The Garden Guide

Greenwich Heritage Avenue 

Greenwich Park has the oldest baroque avenues trees in England, with the sweet chestnuts over 350 years old. They were planted just after the restoration of our last King Charles c1660. What could be called the ‘North Avenue’, the ‘Meridian Avenue’, the 'Stuart Avenue' or the ‘Democratic Avenue’ is curiously close to the alignment of the Prime Meridian of the world, which runs through the nearby observatory (also established by Charles II).  In character, the Greenwich avenues are more democratic than autocratic: they wander up and down hills with no end-to-end views. They may be the oldest avenue trees in England. The two cross avenues, with new trees and macadam roadways, are dull. So the best original example of a heritage seventeenth century Stuart avenue in England is the one which runs almost due north from the Tea Pavilion. Stupidly, its throat has been blocked with an ugly bin store. Deceitfully, the monstrosity is not shown on the Royal Parks’ plan. Hopefully, the staff will do a controlled burn on 5th November and restore the most historic avenue in England. This done, the charge of criminal vandalism should be waived. Sponsorship opportunities: a Canary Wharf company, perhaps with a view of the avenue from its windows, could ask to buy naming rights for the avenue.

 Greenwich Park Meridian Baroque Avenue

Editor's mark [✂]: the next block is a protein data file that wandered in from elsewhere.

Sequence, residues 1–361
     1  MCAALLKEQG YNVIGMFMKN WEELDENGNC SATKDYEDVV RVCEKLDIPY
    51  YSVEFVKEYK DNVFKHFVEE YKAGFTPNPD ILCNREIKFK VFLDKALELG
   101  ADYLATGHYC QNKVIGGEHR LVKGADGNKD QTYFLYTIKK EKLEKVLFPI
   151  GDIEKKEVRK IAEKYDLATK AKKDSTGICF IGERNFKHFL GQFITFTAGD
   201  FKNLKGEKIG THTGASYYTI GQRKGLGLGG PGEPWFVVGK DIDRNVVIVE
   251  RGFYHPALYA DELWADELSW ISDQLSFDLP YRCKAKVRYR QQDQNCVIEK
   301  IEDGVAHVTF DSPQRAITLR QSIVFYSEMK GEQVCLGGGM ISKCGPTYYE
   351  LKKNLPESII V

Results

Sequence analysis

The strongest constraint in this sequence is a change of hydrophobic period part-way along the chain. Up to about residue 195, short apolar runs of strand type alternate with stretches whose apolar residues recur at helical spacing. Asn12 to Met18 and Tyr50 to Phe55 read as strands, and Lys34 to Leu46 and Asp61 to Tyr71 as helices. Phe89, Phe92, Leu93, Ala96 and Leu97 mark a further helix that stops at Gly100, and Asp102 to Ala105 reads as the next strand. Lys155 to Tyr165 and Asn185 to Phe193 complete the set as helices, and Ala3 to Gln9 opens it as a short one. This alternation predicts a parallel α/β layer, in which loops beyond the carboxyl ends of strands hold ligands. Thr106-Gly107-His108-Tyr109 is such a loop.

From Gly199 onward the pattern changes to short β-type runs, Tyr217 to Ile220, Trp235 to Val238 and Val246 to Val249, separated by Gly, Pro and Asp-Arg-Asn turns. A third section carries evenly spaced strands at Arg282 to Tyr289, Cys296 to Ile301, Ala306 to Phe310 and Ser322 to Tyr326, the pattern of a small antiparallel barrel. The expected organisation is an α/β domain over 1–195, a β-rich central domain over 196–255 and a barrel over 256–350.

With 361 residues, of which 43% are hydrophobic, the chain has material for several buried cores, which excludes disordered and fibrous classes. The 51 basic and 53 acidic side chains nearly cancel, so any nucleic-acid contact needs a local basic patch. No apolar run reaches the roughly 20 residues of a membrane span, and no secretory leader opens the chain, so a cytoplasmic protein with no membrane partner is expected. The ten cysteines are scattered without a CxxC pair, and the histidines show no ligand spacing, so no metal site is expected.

Before sponsorship After sponsorship

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Tags: garden history, garden design, landscape architecture, landscape design, public parks, urban design, London squares, public open space, shared space, urban renewal, urban regeneration, urban design ideas, proposals for London, Westminster and the City, flower festival market

Greenwich Park, with the 1675-80 Pepys Plan superimposed on an old OS plan,  and with a red block showing how the Royal Parks bin store blocks the throat of a fine avenue of c1660 Sweet Chestnuts Castanea sativa

Map with the Baroque Stuart Heritage Avenue in red and the bin store in black

Greenwich World Heritage Site Map, cardinally orientated. It is displayed outside St Mary's Gate with south at the top of the map, the north-point upside down and the best Stuart heritage avenue omitted. These acts of bravura incompetence are within 100m of the National Maritime Museum and the home of navigation, the World's Prime Meridian. Cor blimey. (Click map for a closer view of the "North" Point).

The Meridian Baroque avenue in Greenwich Park - viewed from the north side of the ghastly rubbish bin store